2017 Triumph Bonneville Bobber
Bonneville | 1200cc | Traction control | ABS | Specifications
▲ The battery sits in a "traditional" battery box. You can see it behind the primary cover. Meanwhile, Triumph evidently felt that a single front disc was adequate. But shouldn't that 19-inch front wheel be a 21-incher? That saddle, by the way, is engineered to slide forward and backward thereby changing the height. But with it, the ergonomics are compromised.
▲ Triumph hyped this bike under its "Brutal Beauty" banner with press launches in London and Los Angeles. We're not crazy about the silencers, the fuel tank looks like an afterthought (less so from this angle, but check the images below), and the ape-hangers look ... well, impractical. But then, practicality ain't everything. Overall, it's not a bad attempt at an instant showroom bobber/chopper, and it's growing on us. There's no pillion provision for this bike, take note. But no doubt that will follow.
▲ There are five colours for the 2017 Bobber: Jet Black; Cranberry Red/Frozen Silver: Competition Green/Aluminium Silver; Morello Red; and Ironstone. Where applicable, hand-painted coach lines have been applied. Triumph's "high torque" SOHC 1200cc engine is expected to remain unchanged, subject to a few tweaks. You'd think Triumph would have done something to put a smile on the rider's face. But maybe only mean expressions work on this mo'sickle.
2017 Triumph Bobber 1200
Engine: Liquid cooled, 8 valve, SOHC, 270° crank angle parallel twin
The bobber scene is still strong, and in hindsight we might have anticipated a Hinckley version any time over the past ten years. Hence our comment about the factory also being way behind the curve. But with this new machine, the company has made up a lot of ground, and we're glad its finally joined the party.
Triumph Bobber features
Additionally, a large range of accessories is planned for this bike including full-blown ape-hangers straight out of the 1960s. With its low riding position (27-inches/690mm), its macho/urban looks, and the Harleyesque front end, it's pretty obvious which bikes are looking to be taken down by this factory bobster—and a lot of rival bikes will undoubtedly lose out in the showroom wars.
This, for a large chunk of the market, will be viewed as a pretty cool looking motorcycle that's going to draw in some big bucks for Hinckley.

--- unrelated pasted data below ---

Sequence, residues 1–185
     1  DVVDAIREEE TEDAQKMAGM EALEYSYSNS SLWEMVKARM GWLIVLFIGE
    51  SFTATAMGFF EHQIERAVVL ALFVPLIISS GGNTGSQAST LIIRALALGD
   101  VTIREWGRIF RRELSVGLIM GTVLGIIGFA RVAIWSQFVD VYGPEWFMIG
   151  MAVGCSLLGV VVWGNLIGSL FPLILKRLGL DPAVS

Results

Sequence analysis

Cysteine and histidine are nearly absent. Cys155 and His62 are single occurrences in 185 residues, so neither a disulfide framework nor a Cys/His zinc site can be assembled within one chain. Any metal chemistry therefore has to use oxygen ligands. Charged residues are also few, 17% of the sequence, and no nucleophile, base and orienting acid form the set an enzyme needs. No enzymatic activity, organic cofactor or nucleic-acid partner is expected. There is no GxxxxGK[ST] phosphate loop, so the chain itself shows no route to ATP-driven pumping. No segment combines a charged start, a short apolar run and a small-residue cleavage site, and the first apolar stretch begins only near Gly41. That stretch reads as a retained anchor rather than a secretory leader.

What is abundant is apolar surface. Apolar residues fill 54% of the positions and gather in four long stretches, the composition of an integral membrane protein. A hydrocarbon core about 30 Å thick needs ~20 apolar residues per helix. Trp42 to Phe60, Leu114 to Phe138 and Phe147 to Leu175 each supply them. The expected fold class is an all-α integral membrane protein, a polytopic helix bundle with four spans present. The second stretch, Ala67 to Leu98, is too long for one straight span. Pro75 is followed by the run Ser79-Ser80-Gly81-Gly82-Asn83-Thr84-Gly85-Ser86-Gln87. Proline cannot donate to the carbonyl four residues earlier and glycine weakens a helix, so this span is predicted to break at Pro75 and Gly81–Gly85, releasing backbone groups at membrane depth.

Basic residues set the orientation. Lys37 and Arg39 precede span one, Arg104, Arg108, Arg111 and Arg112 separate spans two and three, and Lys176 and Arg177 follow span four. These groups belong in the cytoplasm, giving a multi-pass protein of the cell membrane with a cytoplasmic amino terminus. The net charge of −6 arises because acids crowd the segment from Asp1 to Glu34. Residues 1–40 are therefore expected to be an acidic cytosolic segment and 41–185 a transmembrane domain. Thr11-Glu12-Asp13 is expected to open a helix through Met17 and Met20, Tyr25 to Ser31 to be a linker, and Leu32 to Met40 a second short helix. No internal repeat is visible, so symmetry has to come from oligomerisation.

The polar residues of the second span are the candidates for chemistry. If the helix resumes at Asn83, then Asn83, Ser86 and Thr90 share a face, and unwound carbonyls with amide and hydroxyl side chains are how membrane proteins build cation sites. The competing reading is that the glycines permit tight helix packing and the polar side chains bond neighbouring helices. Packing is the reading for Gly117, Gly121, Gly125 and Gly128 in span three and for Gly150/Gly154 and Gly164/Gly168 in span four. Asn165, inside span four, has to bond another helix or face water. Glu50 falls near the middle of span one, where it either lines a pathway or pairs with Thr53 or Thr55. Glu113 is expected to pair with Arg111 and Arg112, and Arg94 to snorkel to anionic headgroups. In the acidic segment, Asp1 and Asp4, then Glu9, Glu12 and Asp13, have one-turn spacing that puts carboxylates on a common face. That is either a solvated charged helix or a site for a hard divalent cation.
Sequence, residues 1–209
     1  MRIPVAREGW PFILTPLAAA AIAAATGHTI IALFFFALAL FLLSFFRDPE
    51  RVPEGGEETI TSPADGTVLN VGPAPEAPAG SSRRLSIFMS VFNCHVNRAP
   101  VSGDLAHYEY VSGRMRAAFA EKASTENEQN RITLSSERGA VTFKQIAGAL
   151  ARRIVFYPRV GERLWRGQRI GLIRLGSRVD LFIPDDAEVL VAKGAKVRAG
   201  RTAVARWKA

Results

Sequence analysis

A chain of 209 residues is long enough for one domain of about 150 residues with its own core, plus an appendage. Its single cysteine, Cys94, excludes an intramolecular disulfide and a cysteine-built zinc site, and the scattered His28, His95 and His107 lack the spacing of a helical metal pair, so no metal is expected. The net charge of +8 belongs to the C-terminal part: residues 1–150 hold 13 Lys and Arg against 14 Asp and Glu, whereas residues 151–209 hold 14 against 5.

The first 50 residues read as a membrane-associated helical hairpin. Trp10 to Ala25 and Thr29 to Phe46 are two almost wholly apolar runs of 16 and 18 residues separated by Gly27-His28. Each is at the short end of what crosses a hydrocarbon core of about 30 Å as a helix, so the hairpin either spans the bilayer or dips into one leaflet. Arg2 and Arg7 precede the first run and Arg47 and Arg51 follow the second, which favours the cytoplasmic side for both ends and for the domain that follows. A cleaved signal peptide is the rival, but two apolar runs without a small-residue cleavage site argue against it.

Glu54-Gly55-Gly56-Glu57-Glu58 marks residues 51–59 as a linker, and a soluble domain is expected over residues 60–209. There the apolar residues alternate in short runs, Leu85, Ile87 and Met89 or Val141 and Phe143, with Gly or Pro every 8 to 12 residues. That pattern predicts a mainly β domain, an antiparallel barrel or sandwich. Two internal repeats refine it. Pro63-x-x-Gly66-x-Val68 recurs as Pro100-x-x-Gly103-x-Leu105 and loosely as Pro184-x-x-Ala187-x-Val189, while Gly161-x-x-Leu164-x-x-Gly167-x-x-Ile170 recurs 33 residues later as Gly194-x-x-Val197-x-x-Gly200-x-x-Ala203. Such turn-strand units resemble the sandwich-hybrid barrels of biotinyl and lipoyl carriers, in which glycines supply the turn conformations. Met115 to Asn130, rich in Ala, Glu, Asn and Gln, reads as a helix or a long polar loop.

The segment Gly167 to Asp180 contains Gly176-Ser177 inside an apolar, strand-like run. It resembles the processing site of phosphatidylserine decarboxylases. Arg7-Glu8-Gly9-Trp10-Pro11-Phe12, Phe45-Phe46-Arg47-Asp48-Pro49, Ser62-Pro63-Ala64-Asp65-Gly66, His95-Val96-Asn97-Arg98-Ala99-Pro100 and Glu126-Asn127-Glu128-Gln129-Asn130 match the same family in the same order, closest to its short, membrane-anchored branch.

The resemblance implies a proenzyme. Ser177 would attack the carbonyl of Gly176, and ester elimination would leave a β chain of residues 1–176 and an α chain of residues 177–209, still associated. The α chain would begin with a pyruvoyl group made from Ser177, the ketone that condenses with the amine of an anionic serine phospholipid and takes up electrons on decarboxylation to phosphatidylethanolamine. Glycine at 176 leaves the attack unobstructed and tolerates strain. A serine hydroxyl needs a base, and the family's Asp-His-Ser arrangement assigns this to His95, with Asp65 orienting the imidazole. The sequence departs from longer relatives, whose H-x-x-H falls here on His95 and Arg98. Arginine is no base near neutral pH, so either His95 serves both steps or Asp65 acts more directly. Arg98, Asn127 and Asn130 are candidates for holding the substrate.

Bobber custom scene
But wait a minute! Doesn't the idea of a factory custom kinda kill much of its appeal? Well for some guys and girls it might. And with all the weight that's piled on to ensure everyday practicality (and legality), you can argue that it's not really much of a bobber anyway. Certainly not in spirit. And some might even call it a cynical attempt to (belatedly) cash-in on a fad that really belongs with the everyday folk looking to express themselves in their own way and thereby demonstrate some kind of rebellion against conformity.
Well we can recognise the arguments, but we don't really see it like that. Triumph has simply responded to fashion and has produced another motorcycle that thousands of motorcyclists are going to want. And if these bikers want to take a hacksaw and a blowtorch to this newcomer in the comfort of their sheds and garages and re-interpret it, that's their business.
Certainly, at the very least, this machine is going to frustrate a few custom bike builders looking to produce something different to the stock roadster T120s.
Other features of the Bonneville Bobber include a neat adjustable saddle that slides up and down on a runner thereby varying the height and attitude. The electrical stuff has been cleanly tucked away, and there's a large and fairly stylish flip-up speedometer that's adjustable for whatever seating position you choose.
We don't yet know what pillion provision is being offered, but we're fairly confident that Triumph would have looked that far ahead.
If you're looking for another reason to buy British (albeit produced in a foreign factory) this could be it.
Copyright Sump Publishing 2017